At Unbounded Robotics, Smart Compromises Bring Down Costs

12/19/13Follow @wroush

When is one arm better than two? When you’re trying to build a mobile-manipulator robot that somebody can actually afford to buy.

One of the problems that kept PR2, a humanoid robot developed by Menlo Park, CA-based Willow Garage, from succeeding commercially was its $400,000 price tag. And one of the things that made PR2 so expensive was that it had two arms, each replete with a complex series of joints, motors, and sensors.

But as it turned out, most of the university labs and other institutions that bought PR2s never came up with applications that required both arms.

“I think there are 43 PR2s out there, and if you look at the cross section of all those universities, only three or four actually use two arms,” says Melonee Wise, who was the second employee hired at Willow Garage in 2006. It turns out, Wise says, that “you can do a lot of tasks with just one arm.”

And that, in short, is why UBR-1, the first robot from Wise’s new company Unbounded Robotics, is single-limbed. It’s one of the many engineering decisions and technology improvements that will allow the startup to sell UBR-1 for just $35,000.

Wise says one roboticist who programs robots to fold laundry—normally a job for two arms—told the company, “Your robot is so inexpensive that if I needed to have a second arm, I’d just buy a second robot.”

Today, Willow Garage is defunct, its employees having scattered to spinoffs such as Suitable Technologies, the Open Source Robotics Foundation, and Unbounded itself. And there’s a new recognition, Wise says, that robots won’t find their way into new niches until they can solve real problems at much lower cost than the expensive, research-oriented, all-purpose robots of the past.

UBR-1 is a compact, wheeled robot designed to work alongside humans in places like factories, warehouses, supermarkets, and elder-care facilities. Along with its fancy arm—which can pan, pitch, roll, and grip in ways that make a human arm seem clumsy—it’s got a full suite of imaging sensors and communications tools (check out Wise’s full demo in the video below). It’s versatile, but most of the jobs it can do don’t even exist yet, because its capabilities will be defined largely by its programming rather than its hardware.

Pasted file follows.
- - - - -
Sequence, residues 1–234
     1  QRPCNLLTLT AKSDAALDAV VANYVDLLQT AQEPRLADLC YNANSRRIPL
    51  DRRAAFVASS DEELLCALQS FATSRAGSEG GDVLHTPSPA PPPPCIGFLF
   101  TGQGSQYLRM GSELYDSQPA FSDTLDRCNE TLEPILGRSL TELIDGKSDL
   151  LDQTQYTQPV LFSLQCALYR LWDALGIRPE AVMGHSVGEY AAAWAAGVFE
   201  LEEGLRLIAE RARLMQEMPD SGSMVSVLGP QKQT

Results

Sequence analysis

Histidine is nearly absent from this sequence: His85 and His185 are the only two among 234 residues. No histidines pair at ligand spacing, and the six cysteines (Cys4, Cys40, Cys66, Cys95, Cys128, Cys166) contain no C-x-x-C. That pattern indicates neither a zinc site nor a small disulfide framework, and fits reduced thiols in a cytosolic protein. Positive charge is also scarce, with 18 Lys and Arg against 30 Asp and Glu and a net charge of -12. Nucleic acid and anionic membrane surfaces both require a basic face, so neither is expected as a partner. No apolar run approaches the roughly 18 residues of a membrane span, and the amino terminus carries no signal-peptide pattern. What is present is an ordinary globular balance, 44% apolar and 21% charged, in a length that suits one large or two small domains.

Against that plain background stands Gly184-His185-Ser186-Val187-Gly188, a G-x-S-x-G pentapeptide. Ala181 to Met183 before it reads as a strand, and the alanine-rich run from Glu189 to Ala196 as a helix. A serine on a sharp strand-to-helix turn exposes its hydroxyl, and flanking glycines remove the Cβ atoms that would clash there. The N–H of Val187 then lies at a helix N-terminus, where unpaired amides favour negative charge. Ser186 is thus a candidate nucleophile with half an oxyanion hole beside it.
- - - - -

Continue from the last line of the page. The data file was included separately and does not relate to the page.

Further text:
“With robots, feature creep is so much more present than in some other fields,” Wise says. “There is always this desire to make a Swiss Army knife. But you have to make compromises, and those compromises directly impact the capabilities as well as the cost of the robot. We wanted to strike a good middle ground between building robots and writing software.”

The speed with which Unbounded Robotics brought UBR-1 to market is a sign of the four-person team’s focus on practical compromise, guided by careful market research (what Wise calls “need finding”) and thoughtful design. The company’s spinoff from Willow Garage was completed in January 2013. By October, Wise was showing off the first production version of UBR-1 at the RoboBusiness conference in Santa Clara, CA.

In a way, Wise and her co-founders—chief technology officer Michael Ferguson, lead mechanical engineer Eric Diehr, and lead systems engineer Derek King—have formed their new identity in direct reaction to their experiences at Willow Garage. Founded by ex-Googler Scott Hassan, Willow long aimed to build flexible platforms like PR2 and the open-source Robotic Operating System (ROS) that would help other robot builders accelerate their own efforts. Only in the last couple of years before it shut down did the company begin to focus on getting something to market.

In fact, in early 2012 Willow Garage CEO Steve Cousins had asked Wise, Ferguson, Diehr, and King to build a mobile robot that would be smaller, cheaper, and more affordable than PR2, and they’d built a prototype that met a number of important milestones. But by late 2012, Wise says, it still wasn’t clear how or when the new “PR2 mini” robot (my moniker, not Willow’s) would be marketed. “There was real excitement, and everyone felt like … Next Page »

Wade Roush is a contributing editor at Xconomy. Follow @wroush

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  • CrvenaZvezda

    Hope they really succeed! I personally would without thinking spend up to US $1500 for a laundry folding robot.